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Philanthropist Alan Baer Dies - Nov 6, 2002 - Omaha World-Herald

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November 6 , 2002- Philanthropist Alan Baer Dies

BY JACLYN O'MALLEY - WORLD-HERALD STAFF WRITER

For a good deed, Alan Baer had a flowerpot.

For years, the longtime businessman and philanthropist scanned the newspaper for articles about people he knew. Then he would send the person a flowerpot, with the story lining the outside, said Jeffrey Silver, a friend and family lawyer.

Baer, 79, died of cancer Tuesday afternoon. Services are set for noon Saturday at the Georgetowne Club, 2440 S. 141st Circle. John A. Gentleman Mortuaries is handling arrangements.

"He was famous for sending his flowerpots," Silver said. "It was a way for him to say he recognized you for being special."

Silver said Baer enjoyed his last days, "living his life to the fullest."

Survivors include Baer's wife, Marcia; two sons, Ted and John; and three grandchildren.

"He was one of the warmest, and generous human beings I've ever met," Silver said. "He had a great sense of humor and treated everyone with respect."

The Alan and Marcia Baer Foundation gives generous donations to Nebraska arts and educational agencies, as well as to various charities.

Baer was a great-grandson of Jonas L. Brandeis, who founded Boston Store, a department store that led to the J.L. Brandeis & Sons Department Store.

Baer was president of Brandeis from 1974 until 1987, when he sold the business to Younkers Inc. for $33.9 million. Before the chain was sold, there were 11 Brandeis stores in Omaha, Lincoln, Grand Island, Hastings, Council Bluffs and Des Moines.

Afterward, Baer continued to own Brandeis Food Service, which catered food and handled concessions at Ak-Sar-Ben and elsewhere. Baer also started Alan Baer & Associates as an umbrella company for his many business interests, among them keno operations, broadcasting, furniture and appliance rentals, and banking.

In 1987, Baer made a five-year, $7 million loan to the Knights of Ak-Sar-Ben to help finance improvements to the horse-racing facility. Racing declined, and the Knights had trouble repaying Baer. In 1992, the organization sold Ak-Sar-Ben's buildings, horse track and land to Douglas County and repaid Baer.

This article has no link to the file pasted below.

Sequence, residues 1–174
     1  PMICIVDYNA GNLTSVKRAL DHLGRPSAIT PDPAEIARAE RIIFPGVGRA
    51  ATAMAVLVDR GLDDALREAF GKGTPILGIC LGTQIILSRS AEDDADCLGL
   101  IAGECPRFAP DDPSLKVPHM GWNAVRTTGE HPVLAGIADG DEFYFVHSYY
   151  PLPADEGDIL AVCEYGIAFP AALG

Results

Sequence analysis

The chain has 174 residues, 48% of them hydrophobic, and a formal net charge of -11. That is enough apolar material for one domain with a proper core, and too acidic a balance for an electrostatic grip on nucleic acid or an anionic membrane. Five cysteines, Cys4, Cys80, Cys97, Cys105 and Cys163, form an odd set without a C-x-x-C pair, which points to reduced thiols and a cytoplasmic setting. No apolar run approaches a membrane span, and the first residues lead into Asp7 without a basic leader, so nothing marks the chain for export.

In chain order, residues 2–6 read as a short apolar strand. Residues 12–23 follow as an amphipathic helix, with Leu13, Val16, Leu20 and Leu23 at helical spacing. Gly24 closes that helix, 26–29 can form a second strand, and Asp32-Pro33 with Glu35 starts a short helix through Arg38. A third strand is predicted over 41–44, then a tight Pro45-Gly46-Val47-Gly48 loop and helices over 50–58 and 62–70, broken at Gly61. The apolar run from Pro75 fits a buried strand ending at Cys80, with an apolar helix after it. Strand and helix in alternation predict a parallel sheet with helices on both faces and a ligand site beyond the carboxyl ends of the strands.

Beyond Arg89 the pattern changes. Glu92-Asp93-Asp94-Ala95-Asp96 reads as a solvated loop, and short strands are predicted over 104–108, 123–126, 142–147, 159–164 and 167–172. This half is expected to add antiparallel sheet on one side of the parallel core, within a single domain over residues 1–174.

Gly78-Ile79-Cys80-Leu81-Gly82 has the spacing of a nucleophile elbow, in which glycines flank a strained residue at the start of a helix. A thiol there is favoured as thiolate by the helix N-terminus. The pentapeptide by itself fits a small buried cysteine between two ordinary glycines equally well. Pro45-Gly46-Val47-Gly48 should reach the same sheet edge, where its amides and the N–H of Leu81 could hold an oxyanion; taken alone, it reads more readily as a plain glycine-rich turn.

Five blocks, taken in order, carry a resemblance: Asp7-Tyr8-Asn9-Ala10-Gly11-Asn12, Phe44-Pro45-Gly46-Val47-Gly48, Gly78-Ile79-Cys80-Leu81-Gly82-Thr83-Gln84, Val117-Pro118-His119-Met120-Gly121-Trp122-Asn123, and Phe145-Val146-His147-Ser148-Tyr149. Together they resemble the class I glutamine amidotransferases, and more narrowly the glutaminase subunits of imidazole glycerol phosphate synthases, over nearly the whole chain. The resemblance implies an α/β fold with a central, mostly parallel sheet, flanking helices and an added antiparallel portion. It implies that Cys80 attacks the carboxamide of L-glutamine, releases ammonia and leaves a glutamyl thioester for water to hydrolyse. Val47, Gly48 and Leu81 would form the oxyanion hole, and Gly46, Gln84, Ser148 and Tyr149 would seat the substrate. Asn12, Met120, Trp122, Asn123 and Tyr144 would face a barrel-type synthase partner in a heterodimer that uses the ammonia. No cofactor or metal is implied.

In 1996, Alan and Ted Baer offered another loan, of $1 million or more, to keep horse racing alive at Ak-Sar-Ben for one more year. The Baers hoped the loan would give Douglas County more time to find a long-term answer for Ak-Sar-Ben, where the Baers had their keno, concessions and hockey interests.

Loan negotiations failed, however, and the County Board voted to cancel live racing that year.

Alan Baer also was a proponent of establishing casino gambling at Ak-Sar-Ben.

In 1990, a grand jury investigating various allegations surrounding the 1988 collapse of the Franklin Community Federal Credit Union indicted Baer on two pandering charges. He later pleaded no contest to a single reduced charge of aiding and abetting prostitution and paid a small fine.

Baer was known for his business sense in turning around enterprises that were going badly.

An example was his 1988 purchase of the Omaha Lancers to ensure that the hockey team stayed in Omaha. Ted Baer became Lancers president.

The team once drew 600 to 700 spectators to its games. The Baers moved the team to Ak-Sar-Ben, hired a new coach and eventually started selling out every game at the 6,124-seat Ak-Sar-Ben Coliseum.

Ted Baer continues to lead the team, which recently became the River City Lancers and moved to a new arena in Council Bluffs.

Silver said Alan Baer didn't take his success for granted. "He felt he was fortunate in his business life and had an obligation to give to the community and its causes."

Besides his business life, Baer loved his family, Silver said.

"He was a very devoted husband and father, and loved his family as much as he could."

 

 


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